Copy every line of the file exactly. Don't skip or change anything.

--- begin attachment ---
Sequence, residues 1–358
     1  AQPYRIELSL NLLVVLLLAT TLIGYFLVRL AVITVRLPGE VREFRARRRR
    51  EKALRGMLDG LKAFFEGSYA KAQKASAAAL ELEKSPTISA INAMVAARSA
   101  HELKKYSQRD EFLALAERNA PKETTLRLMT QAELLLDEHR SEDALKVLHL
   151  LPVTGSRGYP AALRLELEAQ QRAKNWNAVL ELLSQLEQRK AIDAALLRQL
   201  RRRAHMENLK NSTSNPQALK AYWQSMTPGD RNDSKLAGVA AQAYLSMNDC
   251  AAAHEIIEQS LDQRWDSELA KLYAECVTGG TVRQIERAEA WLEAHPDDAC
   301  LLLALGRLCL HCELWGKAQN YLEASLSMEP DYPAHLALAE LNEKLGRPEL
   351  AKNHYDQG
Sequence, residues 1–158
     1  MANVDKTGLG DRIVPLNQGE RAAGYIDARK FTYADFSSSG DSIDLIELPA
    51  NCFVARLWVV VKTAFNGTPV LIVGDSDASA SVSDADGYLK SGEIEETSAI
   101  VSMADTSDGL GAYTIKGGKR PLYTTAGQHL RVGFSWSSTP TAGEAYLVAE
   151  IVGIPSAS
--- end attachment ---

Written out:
Sequence, residues 1–358
     1  AQPYRIELSL NLLVVLLLAT TLIGYFLVRL AVITVRLPGE VREFRARRRR
    51  EKALRGMLDG LKAFFEGSYA KAQKASAAAL ELEKSPTISA INAMVAARSA
   101  HELKKYSQRD EFLALAERNA PKETTLRLMT QAELLLDEHR SEDALKVLHL
   151  LPVTGSRGYP AALRLELEAQ QRAKNWNAVL ELLSQLEQRK AIDAALLRQL
   201  RRRAHMENLK NSTSNPQALK AYWQSMTPGD RNDSKLAGVA AQAYLSMNDC
   251  AAAHEIIEQS LDQRWDSELA KLYAECVTGG TVRQIERAEA WLEAHPDDAC
   301  LLLALGRLCL HCELWGKAQN YLEASLSMEP DYPAHLALAE LNEKLGRPEL
   351  AKNHYDQG
Sequence, residues 1–158
     1  MANVDKTGLG DRIVPLNQGE RAAGYIDARK FTYADFSSSG DSIDLIELPA
    51  NCFVARLWVV VKTAFNGTPV LIVGDSDASA SVSDADGYLK SGEIEETSAI
   101  VSMADTSDGL GAYTIKGGKR PLYTTAGQHL RVGFSWSSTP TAGEAYLVAE
   151  IVGIPSAS